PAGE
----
Understanding How Diabetes Starts
Do you know how to recognize concerning changes in your health before diabetes sets in? Diabetes is a long-term chronic illness that impacts the way your body converts food into energy. This condition results in higher than normal levels of blood sugar (also known as glucose).
Types of Diabetes
The group of diseases categorized within diabetes includes type 1 diabetes, type 2 diabetes, gestational diabetes, and prediabetes.
Type 1 diabetes: Chronic health condition in which insulin cells in the pancreas are damaged. Of those who have diabetes, up to 10% have Type 1. Although a diagnosis of this condition can happen at any point, it most often occurs in children, teens, and young adults.
Type 2 diabetes: Chronic health condition that affects how the body controls blood sugar. Out of all individuals with diabetes, up to 95% are diagnosed with Type 2, which generally affects older or middle-aged adults.
The key differences between type 1 and type 2 diabetes are that type 1 is a genetic health condition commonly diagnosed in the early stages of life, while type 2 develops over an extended period of time and is associated with an individual’s lifestyle habits.
Gestational diabetes: A type of diabetes that occurs in women who are pregnant, which typically disappears after giving birth. This form of diabetes may increase the chances of having type 2 diabetes later on. The mother’s baby also has a higher risk of experiencing obesity in childhood and could develop type 2 diabetes in the future.
Prediabetes: This stage happens when blood sugar is higher than standard levels, although it is not high enough for a type 2 diabetes diagnosis. 96 million adults in the U.S. have prediabetes, yet more than 8 out of 10 people don’t realize they have it yet. This health condition can also increase the chances of experiencing other diseases including type 2 diabetes, stroke, and heart disease.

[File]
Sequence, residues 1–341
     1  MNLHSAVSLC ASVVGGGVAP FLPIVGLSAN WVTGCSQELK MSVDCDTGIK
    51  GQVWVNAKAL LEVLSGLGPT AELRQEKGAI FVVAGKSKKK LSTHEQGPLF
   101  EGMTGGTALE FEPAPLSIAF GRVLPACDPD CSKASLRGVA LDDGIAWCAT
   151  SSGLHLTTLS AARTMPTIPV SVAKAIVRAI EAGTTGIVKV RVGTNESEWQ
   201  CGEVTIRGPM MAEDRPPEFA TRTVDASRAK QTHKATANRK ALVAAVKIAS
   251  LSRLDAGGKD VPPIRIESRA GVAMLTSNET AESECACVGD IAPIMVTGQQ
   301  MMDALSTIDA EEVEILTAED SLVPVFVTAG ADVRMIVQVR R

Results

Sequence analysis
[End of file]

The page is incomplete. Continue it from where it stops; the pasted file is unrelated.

Catch the warning signs of diabetes early on
- Blurred vision
- Numb or tingling feet and hands
- Unexplained weight loss
- Extreme hunger
- Dry or itchy skin
- Increased thirst
- Wounds that heal over an extended period of time
- Constant urination
Additional symptoms of diabetes can include:
Type 1 diabetes – Symptoms can develop fast, over the span of several months or even weeks. Other symptoms experienced include vomiting or stomach pains, nausea, yeast infections, or urinary tract infections.
Type 2 diabetes – Symptoms develop at a much slower pace and can take several years to progress.
Gestational diabetes – Symptoms are not generally noticeable, yet it’s standard practice for an obstetrician to test for this form of diabetes between 24-28 weeks of pregnancy.
If you experience any of the symptoms above, please consult with your primary care provider to determine if blood sugar testing is needed.
Is diabetes preventable?
While there is no way to avoid type 1 diabetes, there are preventative measures you can practice to decrease the likelihood of developing type 2 diabetes. Being more mindful in your health practices such as diet, exercise, and weight management can make a significant difference in your overall wellness and prevention. Still, even a person with the healthiest lifestyle can’t put a stop to hereditary diseases. This is why it’s vital to prioritize regular visits with your primary care provider to stay a step ahead of your health. Routine checkups can give your provider the opportunity to catch any concerning health changes before they progress rapidly, which is especially crucial for controlling diabetes. To learn more about your risk of diabetes or if you’d like to receive blood sugar testing, please schedule an appointment by texting your preferred location below:
- West Plano Medical Village: Text (469) 382-4891
- Independence Medical Village: Text (469) 382-3548
- McKinney Medical Village: Text (469) 382-3717
- Frisco Medical Village: Text (469) 382-3415
Regardless of the date published, no content on this website should ever be used as a replacement for direct medical advice from your primary care provider or another qualified clinician.